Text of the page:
Updates: Recent Science Fiction Acquisitions N. XXIII (Farmer, Malzberg + et al.)

A while back I slogged through Philip José Farmer’s dismal To Your Scattered Bodies Go (1971) (the worst novel ever to win the Hugo Award?) and all the increasingly terrible sequels and made a solemn vow to wait a few years before I returned to his extensive oeuvre — so, against my better judgement I picked up a copy of  Traitor to the Living (1973).  I don’t have high hopes (but I love the cover!).  I hope my two dollars were well spent.

Malzberg is shaping into my “under read/unjustly forgotten author of the year” whom I’ll showcase.  Last year’s winner was the brilliant D. G. Compton (see INDEX for reviews).  Fresh off Conversations (1975) and In The Enclosure (1973) I picked up a copy of Guernica Night (1975).  I can’t wait!

Harold Mead’s The Bright Phoenix (1955) is yet another against the oppressive state à la Orwell’s 1984… But, I’ve found that the premise generally holds up despite frequent re-interpretations…

Greenfield’s Waters of Death (1967) should be avoided — at all cost.  I’ve already written a scathing review (rant).

1. Traitor to the Living (1973), Philip José Farmer (MY REVIEW)

(Hans Ulrich Osterwalder and Ute Osterwalder’s cover for the 1973 edition)

From the back cover, “Medium… A heartwarming machine — designed to provide a connection with the dead.  Now all the world could reach their loved ones — at a prise.  Anything that emotionally loaded and carrying that kind of price tac could be a powerful weapon.  But no one, not even the inventor, could guess at how terrible that price might become.”

2. Guernica Night (1975), Barry N. Malzberg (MY REVIEW)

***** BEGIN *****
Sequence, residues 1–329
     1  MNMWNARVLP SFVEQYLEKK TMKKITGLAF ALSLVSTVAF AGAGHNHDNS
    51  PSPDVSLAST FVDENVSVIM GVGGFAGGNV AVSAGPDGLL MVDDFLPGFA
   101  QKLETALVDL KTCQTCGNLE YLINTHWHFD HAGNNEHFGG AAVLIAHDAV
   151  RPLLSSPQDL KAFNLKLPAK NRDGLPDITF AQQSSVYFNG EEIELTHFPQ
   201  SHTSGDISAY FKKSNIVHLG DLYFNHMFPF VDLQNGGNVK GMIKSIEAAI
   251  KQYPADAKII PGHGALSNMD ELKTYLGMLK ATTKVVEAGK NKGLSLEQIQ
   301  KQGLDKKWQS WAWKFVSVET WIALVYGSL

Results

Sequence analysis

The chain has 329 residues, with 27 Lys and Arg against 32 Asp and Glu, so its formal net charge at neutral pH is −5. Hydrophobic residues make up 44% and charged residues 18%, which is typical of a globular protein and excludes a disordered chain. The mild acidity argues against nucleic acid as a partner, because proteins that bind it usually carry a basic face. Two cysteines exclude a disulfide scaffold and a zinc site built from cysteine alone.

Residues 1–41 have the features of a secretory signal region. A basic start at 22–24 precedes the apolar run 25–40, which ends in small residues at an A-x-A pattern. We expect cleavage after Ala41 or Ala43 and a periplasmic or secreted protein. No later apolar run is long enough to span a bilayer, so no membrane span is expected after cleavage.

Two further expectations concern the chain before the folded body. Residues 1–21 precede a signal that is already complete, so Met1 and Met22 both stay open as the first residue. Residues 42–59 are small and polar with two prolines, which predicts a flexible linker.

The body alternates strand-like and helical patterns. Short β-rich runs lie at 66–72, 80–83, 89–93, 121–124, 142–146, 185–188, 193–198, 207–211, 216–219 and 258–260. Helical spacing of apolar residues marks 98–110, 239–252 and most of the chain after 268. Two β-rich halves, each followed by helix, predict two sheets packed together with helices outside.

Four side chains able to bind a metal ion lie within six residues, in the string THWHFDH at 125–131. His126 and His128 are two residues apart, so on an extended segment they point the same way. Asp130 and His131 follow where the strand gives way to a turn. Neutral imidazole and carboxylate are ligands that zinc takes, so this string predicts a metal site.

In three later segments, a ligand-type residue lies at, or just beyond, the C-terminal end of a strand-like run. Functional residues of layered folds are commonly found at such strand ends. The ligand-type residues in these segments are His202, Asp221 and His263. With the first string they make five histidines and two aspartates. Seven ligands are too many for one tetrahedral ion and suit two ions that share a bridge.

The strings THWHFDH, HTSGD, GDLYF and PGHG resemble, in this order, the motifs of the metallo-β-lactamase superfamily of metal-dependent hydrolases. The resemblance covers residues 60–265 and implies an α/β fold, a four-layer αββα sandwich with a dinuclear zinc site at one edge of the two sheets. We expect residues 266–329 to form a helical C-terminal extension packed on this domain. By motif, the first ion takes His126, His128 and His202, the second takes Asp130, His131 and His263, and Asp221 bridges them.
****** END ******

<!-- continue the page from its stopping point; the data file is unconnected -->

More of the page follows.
(Fred Samperi’s cover for the 1975 edition)

From the inside flap, “A rash of suicides has sent shock waves through a tightly organized society that officially frowns on such an act but privately makes it unavoidable.  How else could people endure in a world carefully calculated to rob its citizens of self-respect and dignity?  One man struggles against the overpowering temptation to take his own life, because he realizes that he must survive or else give the strange unseen rulers final victory.  The characters in this extraordinary novel of the future share a host of psychiatric disturbances.  One is haunted by strange visions in the night; another can reach sexual climax only in the confines of an old jalopy; others share schizophrenic fantasies that give frightening insight into the nature of their anguish.”

3. The Bright Phoenix (1955), Harold Mead

(Richard Powers’ cover for the 1956 edition)

From the back flap, “[The] Bright Phoenix is the story of a “perfect” state, founded on worship of the spirit of Man and dedicated to the mission of resettling the devastated areas of the world.  Officers, Workers, Colonists — everyone believed in the State.  Everyone but one man.  This is his story — of the Colony he led to the Island… of the primitive race he found there… and of the desperate plan to escape from a Utopia that had become a living hell.”

4. Waters of Death (1967), Irving A. Greenfield (MY REVIEW)

(Hoot von Zitzewitz’s cover for the 1967 edition)